To avoid the debate getting side-tracked, we need to stay focussed and filter out the most important question we can find out of all of those. This question should have four properties:

  • It should somehow seem easier to answer than the original question
  • We disagree substantially on the answer to this question, too
  • If I turn out to be wrong about it then I might change my mind on the original question
  • If you turn out to be wrong about it then you might change your mind on the original question

I say “might” here, rather than “will”. I think this was in the original formulation of double cruxing but I’m not sure. It seems like if you commit to definitely changing your mind, it’s going to make it a lot harder to find a question which can act as a double crux. Instead you might find “oh, I changed my mind on this smaller thing, but I still seem to hold the same opinion on the original question. Maybe I don’t understand my own reasons for believing it”.

This is actually a good thing.

The basic idea, as you can guess, is to follow this logic to see where it goes. First you endeavour to answer the simpler question. This might involve recursive descent – so having good working memory, preferably augmented with some mutually agreed-upon diagram of the structure of the debate – is vital here. You hope to bottom out at something which can just be looked up – e.g. maybe “experts are always predicting human-level AI 50 years in the future” turns out to be a double-crux, and you look up the answer to see who’s wrong. Or maybe you bottom out at something you can resolve with some more informal reasoning, or one of you realises that, faced with someone who believes the opposite, you just decide you don’t really believe that thing with conviction any more. It’s not the big top-level thing you decided to debate, though, just some little detail of it that has turned out to be crucial.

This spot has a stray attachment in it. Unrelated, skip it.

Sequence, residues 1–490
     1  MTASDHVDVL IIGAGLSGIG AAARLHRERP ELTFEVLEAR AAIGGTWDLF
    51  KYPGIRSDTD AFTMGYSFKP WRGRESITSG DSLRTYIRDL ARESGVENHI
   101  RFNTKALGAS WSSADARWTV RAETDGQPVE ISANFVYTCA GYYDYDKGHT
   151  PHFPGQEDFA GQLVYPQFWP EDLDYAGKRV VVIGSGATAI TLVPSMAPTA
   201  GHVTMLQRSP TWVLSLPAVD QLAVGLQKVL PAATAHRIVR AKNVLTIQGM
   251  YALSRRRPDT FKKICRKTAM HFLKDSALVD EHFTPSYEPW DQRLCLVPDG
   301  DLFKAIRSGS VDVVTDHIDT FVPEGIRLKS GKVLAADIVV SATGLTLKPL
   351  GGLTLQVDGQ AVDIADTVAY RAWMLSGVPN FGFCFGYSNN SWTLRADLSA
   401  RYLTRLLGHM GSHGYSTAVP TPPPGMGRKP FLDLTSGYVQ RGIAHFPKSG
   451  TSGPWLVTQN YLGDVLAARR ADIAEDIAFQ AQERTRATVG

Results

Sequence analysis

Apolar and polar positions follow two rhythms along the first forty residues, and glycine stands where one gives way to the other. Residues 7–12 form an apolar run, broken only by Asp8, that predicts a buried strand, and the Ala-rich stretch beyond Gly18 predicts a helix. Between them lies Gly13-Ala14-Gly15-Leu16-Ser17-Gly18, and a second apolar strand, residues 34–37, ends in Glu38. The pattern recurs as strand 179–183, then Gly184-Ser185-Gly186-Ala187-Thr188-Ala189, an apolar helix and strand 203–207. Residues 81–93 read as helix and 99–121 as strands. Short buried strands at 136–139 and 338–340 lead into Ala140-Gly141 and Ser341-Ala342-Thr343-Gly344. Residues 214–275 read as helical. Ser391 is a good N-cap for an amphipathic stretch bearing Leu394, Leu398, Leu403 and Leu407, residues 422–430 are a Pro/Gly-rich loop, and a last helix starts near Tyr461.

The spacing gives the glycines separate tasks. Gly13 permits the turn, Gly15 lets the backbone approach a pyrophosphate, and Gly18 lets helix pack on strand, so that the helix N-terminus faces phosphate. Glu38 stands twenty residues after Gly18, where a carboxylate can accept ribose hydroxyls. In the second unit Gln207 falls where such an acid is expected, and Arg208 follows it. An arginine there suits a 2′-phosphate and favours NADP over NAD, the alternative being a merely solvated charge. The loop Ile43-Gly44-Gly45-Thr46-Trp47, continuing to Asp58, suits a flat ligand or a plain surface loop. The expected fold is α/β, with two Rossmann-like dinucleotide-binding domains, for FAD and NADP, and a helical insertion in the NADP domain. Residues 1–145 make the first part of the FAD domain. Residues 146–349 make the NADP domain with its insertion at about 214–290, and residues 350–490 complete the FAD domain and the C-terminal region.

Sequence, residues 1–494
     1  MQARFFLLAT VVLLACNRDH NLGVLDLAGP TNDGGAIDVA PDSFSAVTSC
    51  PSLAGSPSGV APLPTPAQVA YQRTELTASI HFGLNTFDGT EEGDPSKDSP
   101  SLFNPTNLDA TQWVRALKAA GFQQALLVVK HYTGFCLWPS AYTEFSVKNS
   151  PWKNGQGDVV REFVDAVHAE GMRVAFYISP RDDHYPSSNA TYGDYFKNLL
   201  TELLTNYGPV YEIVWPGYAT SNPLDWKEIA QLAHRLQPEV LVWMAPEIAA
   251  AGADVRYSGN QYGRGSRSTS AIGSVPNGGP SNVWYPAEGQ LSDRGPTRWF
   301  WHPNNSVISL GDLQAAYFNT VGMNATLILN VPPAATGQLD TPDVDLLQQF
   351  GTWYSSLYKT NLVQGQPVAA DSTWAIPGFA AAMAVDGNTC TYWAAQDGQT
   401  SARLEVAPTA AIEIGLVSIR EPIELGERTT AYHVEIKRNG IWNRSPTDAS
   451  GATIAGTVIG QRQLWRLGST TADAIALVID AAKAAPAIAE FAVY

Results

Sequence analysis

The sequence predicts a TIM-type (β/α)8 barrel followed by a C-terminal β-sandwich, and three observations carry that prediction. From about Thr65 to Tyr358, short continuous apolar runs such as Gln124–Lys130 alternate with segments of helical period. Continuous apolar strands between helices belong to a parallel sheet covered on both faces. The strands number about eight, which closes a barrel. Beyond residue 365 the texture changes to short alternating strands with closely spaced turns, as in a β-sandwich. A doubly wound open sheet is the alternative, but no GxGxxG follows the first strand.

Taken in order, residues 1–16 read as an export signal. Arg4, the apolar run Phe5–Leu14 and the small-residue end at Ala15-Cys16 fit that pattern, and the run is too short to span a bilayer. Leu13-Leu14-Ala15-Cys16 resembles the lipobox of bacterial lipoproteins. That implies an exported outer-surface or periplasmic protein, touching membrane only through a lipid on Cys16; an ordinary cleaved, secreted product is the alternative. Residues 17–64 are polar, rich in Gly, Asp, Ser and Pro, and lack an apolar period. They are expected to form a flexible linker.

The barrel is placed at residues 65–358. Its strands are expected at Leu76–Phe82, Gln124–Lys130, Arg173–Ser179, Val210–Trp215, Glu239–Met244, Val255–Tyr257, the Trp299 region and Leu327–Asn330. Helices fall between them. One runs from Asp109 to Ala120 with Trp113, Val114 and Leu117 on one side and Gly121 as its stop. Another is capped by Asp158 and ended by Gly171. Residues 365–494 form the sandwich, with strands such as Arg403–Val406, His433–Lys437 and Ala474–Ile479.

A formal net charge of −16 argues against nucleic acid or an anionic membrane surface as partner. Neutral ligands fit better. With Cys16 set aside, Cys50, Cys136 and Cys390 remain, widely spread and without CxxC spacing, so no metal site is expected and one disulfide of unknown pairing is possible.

Then you follow the logic up. Whoever has changed their mind, if they follow their reasoning up will find they change their mind about the original topic. Or they might be blocked by the “actually that consideration turned out not to be so crucial after all”, which is still a valuable update. If that happens, and you’re still feeling like debating, you can look for a new double crux.

This should lead to either one person shifting their views, or to both people gaining a better understanding of the topic and why people have such divergent views on it.

Want.

Want, want, want, want want.

CFAR promises to offer a cornucopia of rationality goodies. For the most part I have blocked off my enthusiasm for any of their techniques, and the reason is kind of sad. I had my psychotic episode shortly after attending their workshop, and basically anything I changed my mind about that happened around that time – all the crazy psychotic stuff but also the CFAR stuff that came just before – I’ve put a big red X through in my mind. I just don’t believe it any more. And the beautiful experience I had at CFAR – that I had the potential to become a powerful force for good, and had powerful people to help me – has turned sour.

Double cruxing doesn’t suffer from this problem, since I didn’t actually learn about it at CFAR. It’s also a more precise and elegant formulation of how I thought rationalists should debate things anyway.

I haven’t managed to put it into practice though. What would a good topic be? “Yay CFAR?”